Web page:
The bodies of the barn swallows, which are attached at the hip by skin and possibly muscle tissue, are being sent to the Smithsonian Institution for examination and confirmation, Arkansas wildlife officials said Friday.
"I can't even say it's one in a million - it's probably more than that," said Karen Rowe, an ornithologist with the Arkansas Game & Fish Commission. "There's just very little to no records of such a thing."
The birds, found by a landowner in White County, fell out of a nest as a healthy sibling flew off to learn how to hunt with its parents, Rowe said. The birds first appeared to have only three legs, but further examination found a fourth leg tucked up underneath the skin connecting the pair.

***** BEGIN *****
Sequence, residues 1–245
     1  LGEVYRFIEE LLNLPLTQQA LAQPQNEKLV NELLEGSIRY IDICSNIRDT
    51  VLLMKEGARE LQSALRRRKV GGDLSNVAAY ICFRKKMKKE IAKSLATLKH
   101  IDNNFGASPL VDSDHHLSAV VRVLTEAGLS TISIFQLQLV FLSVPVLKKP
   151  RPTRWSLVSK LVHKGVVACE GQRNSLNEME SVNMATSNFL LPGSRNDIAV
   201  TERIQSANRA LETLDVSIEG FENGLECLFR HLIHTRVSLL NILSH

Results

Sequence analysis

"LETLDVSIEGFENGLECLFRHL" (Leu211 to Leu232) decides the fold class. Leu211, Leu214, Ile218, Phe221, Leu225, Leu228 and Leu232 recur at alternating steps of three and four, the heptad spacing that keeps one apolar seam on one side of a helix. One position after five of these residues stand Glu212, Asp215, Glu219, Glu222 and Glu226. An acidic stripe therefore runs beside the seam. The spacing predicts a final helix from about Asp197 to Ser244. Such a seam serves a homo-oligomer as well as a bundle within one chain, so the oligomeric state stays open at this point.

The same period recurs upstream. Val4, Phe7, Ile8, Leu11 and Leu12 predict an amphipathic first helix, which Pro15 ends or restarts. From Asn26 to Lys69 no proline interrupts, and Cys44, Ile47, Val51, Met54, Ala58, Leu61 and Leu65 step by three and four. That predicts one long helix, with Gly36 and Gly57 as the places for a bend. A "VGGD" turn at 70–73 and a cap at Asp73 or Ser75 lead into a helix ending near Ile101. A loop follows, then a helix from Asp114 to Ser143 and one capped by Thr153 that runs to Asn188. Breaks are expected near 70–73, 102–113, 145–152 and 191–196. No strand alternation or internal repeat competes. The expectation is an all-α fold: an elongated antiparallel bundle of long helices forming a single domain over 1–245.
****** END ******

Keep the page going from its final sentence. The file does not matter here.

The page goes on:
Rowe said the landowner likely kept the birds for a day before calling wildlife officials. By the time officials arrived, the birds were not eating. One died early Friday and a veterinarian later euthanized the other.
Finding conjoined birds is rare because they likely die before being discovered, Rowe said.
X-rays of the pair found each bird was fully formed, Rowe said. She said the birds would have had to come from a double-yolk egg.
Barn swallows can live for several years, though the conjoined twins might not have lived that long even if they had been separated. Rowe said it would have been difficult to teach the birds to fly.